This fall, Cathy Walker trained to properly don protective clothing, wash her hands and wear a face mask so she could visit her 100-year-old mother in the room she calls home at Northwood in Halifax.She was able to visit Kay Murphy twice as a result, but future visits are uncertain now that the province has once again imposed limits on who can enter a long-term care facility."I hate it, but it's the smart thing to do," Walker told CBC News after learning of the change Tuesday from Dr. Robert Strang, Nova Scotia's chief medical officer of health."Instead of being able to go visit her like we had been whenever we wanted, we're now going to be restricted again," she said. "But they have to do that."During the province's Tuesday COVID-19 briefing, Strang explained the new restrictions."As we continue to control the spread of the virus we need to have a particular focus on those who are most vulnerable among us," he said. "So effective 12:01 a.m.Thursday across the province all long-term care facilities will be closed to visitors, except for volunteers and designated care givers who will be allowed inside."Although Walker is her mother's designated caregiver, she also happens to be the assistant manager of a retail store in Kentville, where she lives.Now that COVID-19 infections are on the rise, she is not sure if her work with the public will prevent her from continuing to care for her mom.Walker does not want to bring the virus into Northwood, which this spring was the epicentre for the pandemic in Nova Scotia. Of the province's 65 deaths from the virus, 53 were residents of the home, the province's largest care facility.During the first wave, the province locked down long-term care homes and allowed only staff to enter them. Allowing others in is an attempt to ease the burden staff shouldered alone last spring.Nurses hope helpers will be allowedThe Nursing Homes of Nova Scotia Association, which represents 76 homes, more than 80 per cent of care facilities in Nova Scotia, agrees with the new, less stringent restrictions.Debra Boudreau, the board chair, said it was the appropriate measure, despite its impact on families and residents."It's not something any of us would choose to do lightly or want to do it," said Boudreau. "It's certainly not the environment that we want to create in our nursing homes, but given what's happening all around us, it is the right decision to do for the moment."She said allowing some volunteers and one family member to help out would ease the pressure on staff."If we can have those individuals in our building, at least even on a small scale to help us with the day to day, and especially when we get into an outbreak, that is a relief to us," she said.But Boudreau is worried about those people too."The majority of those individuals are also the at-risk population, they're also the elderly in our community," she said. "They may be not as frail as the individuals living in care, but they too are seniors and are very much at risk."Boudreau said the flip side is the comfort it will bring to residents that they didn't have last spring."The residents missed their presence and had to rely on staff to be their everything," said Boudreau. "To be able to continue those connections with their loved ones, their families, that's really priceless."MORE TOP STORIES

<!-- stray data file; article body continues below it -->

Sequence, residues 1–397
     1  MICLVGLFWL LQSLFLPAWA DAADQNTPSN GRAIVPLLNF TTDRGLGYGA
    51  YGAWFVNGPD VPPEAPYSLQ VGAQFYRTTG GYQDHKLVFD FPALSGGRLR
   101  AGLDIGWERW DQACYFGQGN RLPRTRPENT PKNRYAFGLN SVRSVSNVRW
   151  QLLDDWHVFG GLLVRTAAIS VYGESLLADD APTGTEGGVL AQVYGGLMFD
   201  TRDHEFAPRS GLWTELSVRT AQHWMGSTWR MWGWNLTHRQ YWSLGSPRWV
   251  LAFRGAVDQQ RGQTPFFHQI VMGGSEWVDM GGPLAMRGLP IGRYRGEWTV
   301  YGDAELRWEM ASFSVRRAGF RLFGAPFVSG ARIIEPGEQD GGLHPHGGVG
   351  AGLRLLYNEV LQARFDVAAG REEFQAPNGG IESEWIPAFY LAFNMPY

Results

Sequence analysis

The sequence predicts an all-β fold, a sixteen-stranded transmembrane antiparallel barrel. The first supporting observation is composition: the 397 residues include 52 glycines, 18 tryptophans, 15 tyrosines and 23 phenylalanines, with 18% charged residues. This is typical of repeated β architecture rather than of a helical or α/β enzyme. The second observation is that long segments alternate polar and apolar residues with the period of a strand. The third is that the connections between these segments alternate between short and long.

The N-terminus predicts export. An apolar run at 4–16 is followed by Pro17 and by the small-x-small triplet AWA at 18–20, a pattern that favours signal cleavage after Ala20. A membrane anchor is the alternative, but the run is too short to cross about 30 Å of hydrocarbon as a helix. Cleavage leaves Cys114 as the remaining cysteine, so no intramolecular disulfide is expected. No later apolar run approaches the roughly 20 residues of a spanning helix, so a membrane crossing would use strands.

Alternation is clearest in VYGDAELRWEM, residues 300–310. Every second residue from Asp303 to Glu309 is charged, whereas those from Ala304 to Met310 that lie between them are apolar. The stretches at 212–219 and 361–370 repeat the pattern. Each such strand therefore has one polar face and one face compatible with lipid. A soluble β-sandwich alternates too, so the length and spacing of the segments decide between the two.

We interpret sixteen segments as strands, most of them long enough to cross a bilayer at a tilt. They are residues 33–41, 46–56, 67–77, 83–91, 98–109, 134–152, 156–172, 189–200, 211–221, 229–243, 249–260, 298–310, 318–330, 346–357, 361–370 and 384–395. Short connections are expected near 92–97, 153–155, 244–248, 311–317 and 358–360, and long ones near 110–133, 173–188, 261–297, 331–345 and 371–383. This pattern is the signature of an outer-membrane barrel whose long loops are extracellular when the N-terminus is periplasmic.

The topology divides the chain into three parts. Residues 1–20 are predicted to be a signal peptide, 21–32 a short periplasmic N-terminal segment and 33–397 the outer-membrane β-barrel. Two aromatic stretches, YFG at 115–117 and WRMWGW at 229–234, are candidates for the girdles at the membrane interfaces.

If you love food, and most of us do, you will love our Fun and Easy Cinnamon Roll Apple Crisp Recipe! Not only can you make it for anytime, it also makes a great dessert for the holidays or that special occasion! Feel free to tweek the recipe and then let us know what you did and how it came out so we can all give it a try! If you make the recipe as is let us know how you liked it!